The Sideline Story"
From the intro to the very last song, J. Cole’s debut album, “Cole World: The Sideline Story,” will strike many listeners with fear and awe.
The young Jay-Z mentee comes out with guns blazing, claiming that this is a “real Cole world” and we’re all accessories in it. He is the last of the 2009 hip-hop freshmen to come out with an album and it was definitely worth the wait.
“Dollar And A Dream III” and “Can’t Get Enough,” featuring Trey Songz, open the album with superb beats and Cole’s story-telling style of rap. He’s coming for Lil Wayne’s lyrical crown. The intro and interlude are painfully real and raw and offer an insight into his life.
The one thing fellow rapper, Big Sean, fails at where J. Cole succeeds is the almost monotone-like way he sings the choruses of some of the songs he doesn’t have someone featured on. “Mr. Nice Watch” featuring Jay-Z shouldn’t be as catchy as it is, but the dubstep and electronica influences are irresistible to the ear. The only songs that don’t work are when Cole seems to be trying too hard at the kind of “luxury” rapping Kanye West excels at. “Cole World” is, ironically, the weakest song in the bunch. However, that is the only low point on the 19-track album, which is a ratio bound for success.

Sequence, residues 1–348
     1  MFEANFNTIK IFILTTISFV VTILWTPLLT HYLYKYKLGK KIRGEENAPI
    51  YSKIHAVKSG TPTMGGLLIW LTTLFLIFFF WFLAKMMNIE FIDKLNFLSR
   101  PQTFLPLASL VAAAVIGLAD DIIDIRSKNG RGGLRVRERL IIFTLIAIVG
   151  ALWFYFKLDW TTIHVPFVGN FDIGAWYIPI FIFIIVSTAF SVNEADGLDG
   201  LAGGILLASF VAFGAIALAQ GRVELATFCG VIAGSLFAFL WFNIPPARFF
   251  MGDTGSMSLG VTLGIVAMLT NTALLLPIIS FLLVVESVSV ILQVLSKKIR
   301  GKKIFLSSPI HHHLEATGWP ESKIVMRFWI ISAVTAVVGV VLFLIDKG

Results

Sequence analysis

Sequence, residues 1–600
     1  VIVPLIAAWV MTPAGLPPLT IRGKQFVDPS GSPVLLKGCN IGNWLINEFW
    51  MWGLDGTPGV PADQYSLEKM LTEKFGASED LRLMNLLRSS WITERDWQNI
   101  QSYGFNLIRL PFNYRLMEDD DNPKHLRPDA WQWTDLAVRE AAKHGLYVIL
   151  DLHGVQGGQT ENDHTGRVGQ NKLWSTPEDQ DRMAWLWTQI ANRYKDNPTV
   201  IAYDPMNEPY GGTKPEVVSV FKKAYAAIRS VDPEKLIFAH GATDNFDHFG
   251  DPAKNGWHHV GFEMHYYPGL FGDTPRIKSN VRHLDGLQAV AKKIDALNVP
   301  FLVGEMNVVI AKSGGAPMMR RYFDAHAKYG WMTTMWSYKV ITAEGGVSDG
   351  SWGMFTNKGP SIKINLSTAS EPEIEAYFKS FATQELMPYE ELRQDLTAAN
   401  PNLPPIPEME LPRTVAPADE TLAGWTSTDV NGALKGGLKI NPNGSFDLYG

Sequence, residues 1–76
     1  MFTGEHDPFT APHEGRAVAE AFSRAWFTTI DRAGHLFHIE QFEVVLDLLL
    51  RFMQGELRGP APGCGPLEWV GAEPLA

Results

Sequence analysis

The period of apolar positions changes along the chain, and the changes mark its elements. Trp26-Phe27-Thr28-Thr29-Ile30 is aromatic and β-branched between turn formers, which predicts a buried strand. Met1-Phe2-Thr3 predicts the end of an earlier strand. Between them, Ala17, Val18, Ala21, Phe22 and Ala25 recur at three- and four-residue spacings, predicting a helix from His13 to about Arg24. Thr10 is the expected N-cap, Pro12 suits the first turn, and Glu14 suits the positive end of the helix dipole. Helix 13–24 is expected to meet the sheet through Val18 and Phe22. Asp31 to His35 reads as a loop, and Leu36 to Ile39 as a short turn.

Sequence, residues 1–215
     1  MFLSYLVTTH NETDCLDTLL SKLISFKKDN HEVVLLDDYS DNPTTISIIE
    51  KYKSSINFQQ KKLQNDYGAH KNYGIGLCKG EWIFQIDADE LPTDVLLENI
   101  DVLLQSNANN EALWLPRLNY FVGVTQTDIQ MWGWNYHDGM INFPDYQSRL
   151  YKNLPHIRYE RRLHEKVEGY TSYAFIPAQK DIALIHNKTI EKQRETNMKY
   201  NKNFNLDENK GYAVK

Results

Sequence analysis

The most painful and the strongest song of all is “Lost Ones.” It’s a tearjerker that doesn’t deduct any man points from the budding rapper. “God’s Gift” is another song that touches the soul.
Cole told rap-up.com that his fans should expect a different sort of sound because he speaks about topics that have never been included in mainstream hip hop music before. He has succeeded.
It’s a “real Cole world” indeed.